Rare Disease May Be Blowing in Wind
A rare condition that leads to serious heart damage may be spreading through the wind, researchers believe. Kawasaki disease frequently impacts children and includes symptoms of prolonged fever, blood-shot eyes, red lips, red tongue, and also red, swollen hands and feet with peeling skin.
Large-scale wind currents moving from Asia to Japan and around the North Pacific could be the root of the problem. Researchers discovered the number of Kawasaki disease cases increased in Japan when the wind blew in a southwesterly direction, and decreased when winds blew from the south. They also found the numbers of cases peaked from November to March when air from Central Asia blew over Japan and reached as far as Hawaii and San Diego.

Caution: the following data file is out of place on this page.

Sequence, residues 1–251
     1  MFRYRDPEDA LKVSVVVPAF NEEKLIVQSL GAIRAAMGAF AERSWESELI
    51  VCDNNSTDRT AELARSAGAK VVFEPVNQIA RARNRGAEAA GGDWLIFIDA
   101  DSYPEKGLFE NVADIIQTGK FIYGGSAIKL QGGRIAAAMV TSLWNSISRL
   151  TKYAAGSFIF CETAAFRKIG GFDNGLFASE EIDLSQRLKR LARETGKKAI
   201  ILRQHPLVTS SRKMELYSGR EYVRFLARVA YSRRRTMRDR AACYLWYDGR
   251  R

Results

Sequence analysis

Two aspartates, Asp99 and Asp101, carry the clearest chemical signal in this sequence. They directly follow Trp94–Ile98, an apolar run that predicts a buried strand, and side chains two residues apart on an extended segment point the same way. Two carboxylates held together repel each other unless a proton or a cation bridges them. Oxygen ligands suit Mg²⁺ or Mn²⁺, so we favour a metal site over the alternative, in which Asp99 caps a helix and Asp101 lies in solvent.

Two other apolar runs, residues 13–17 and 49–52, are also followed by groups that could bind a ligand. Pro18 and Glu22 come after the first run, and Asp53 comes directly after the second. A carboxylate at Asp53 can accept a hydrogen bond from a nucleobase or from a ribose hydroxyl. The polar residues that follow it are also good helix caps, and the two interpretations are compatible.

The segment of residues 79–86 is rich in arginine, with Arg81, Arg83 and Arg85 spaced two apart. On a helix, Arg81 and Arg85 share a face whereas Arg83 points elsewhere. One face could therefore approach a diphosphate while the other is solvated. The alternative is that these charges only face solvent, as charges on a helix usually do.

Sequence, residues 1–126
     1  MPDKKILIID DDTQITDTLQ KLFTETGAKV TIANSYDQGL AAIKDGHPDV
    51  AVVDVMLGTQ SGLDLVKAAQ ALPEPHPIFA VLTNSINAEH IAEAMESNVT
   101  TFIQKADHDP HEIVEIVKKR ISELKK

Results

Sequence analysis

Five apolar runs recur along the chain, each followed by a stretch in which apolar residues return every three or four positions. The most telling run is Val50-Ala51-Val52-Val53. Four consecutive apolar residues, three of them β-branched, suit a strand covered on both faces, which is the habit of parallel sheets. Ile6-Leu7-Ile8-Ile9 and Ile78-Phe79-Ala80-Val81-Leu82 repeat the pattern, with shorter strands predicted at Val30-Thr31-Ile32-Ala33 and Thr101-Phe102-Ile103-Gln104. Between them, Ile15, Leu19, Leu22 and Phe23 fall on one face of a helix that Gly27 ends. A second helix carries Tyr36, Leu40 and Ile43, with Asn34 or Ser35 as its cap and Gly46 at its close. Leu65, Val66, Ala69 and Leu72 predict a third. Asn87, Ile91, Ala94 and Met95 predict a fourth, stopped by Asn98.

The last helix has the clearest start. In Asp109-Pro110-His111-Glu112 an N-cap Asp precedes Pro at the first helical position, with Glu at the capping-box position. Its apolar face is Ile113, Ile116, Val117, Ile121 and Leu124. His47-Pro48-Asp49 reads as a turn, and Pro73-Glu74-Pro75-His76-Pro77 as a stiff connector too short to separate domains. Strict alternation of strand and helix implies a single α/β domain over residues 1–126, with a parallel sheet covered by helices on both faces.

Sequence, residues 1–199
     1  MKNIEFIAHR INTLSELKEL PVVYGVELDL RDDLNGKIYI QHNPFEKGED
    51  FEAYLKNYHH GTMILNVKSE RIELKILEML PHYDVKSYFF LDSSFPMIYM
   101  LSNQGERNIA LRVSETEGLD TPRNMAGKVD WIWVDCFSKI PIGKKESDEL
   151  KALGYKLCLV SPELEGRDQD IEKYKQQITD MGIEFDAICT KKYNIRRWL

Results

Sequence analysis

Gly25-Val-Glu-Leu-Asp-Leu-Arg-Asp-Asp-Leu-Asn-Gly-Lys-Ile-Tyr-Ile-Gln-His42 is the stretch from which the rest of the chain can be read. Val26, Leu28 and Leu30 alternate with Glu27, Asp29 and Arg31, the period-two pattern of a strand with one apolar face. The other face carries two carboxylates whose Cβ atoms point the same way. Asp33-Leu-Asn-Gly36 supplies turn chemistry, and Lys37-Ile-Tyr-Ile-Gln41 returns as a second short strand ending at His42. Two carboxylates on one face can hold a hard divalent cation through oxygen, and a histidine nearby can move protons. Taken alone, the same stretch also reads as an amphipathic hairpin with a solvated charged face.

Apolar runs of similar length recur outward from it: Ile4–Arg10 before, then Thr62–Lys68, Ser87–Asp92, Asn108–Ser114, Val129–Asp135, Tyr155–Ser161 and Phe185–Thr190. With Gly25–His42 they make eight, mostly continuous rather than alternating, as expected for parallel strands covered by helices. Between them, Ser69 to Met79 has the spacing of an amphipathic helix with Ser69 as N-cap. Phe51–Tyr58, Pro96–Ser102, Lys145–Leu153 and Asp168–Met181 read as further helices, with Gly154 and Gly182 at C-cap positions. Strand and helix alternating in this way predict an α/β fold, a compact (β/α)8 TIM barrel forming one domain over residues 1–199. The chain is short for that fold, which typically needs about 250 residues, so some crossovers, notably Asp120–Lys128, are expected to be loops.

The Centers for Disease Control and Prevention report that around 5,000 to 6,000 American children get the disease every year, most under the age of 5. Children with the disease are treated with a high dose of antibodies, but 10 to 20 percent of those with the disease end up with coronary artery damage.
If a childâ€™s fever lasts beyond five days and includes a rash, red eyes, and lips, have him or her checked out for Kawasaki disease.
Do you know someone with this disease?